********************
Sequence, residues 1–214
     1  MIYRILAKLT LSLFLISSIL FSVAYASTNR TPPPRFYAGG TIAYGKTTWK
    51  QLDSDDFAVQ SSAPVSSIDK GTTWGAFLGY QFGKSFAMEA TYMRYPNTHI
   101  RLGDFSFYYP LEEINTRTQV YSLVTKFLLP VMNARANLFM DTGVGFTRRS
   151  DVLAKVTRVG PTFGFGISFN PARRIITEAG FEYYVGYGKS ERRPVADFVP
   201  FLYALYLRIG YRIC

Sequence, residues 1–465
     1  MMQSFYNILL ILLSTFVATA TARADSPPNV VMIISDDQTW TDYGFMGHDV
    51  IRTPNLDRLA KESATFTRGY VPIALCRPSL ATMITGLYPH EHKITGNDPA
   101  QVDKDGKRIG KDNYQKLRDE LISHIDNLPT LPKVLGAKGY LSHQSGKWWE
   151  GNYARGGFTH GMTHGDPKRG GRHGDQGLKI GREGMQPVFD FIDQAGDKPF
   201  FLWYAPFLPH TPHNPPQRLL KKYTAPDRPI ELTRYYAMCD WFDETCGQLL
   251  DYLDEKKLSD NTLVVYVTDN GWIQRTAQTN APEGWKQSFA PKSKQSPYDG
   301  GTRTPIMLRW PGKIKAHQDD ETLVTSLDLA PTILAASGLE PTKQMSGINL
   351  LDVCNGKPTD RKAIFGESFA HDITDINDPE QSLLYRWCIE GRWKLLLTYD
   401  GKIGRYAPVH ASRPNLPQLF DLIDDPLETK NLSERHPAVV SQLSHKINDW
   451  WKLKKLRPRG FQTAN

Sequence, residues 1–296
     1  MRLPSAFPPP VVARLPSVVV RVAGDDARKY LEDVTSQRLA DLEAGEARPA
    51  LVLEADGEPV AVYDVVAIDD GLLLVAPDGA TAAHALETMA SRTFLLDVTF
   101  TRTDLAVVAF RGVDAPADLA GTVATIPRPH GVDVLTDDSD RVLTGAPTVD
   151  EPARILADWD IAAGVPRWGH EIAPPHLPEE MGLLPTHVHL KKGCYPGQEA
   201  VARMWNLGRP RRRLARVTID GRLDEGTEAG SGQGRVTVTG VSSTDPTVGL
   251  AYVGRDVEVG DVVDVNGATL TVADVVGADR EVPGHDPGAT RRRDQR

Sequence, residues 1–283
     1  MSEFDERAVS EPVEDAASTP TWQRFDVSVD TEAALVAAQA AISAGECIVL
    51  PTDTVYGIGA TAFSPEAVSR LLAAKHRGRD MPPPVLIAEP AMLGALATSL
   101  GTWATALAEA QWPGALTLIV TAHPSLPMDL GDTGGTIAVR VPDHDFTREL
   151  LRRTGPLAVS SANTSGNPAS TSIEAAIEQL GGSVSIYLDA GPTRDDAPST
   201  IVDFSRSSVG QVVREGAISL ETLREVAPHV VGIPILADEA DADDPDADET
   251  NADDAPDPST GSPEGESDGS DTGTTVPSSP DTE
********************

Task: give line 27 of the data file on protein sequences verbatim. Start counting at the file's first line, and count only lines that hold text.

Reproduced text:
    51  PTDTVYGIGA TAFSPEAVSR LLAAKHRGRD MPPPVLIAEP AMLGALATSL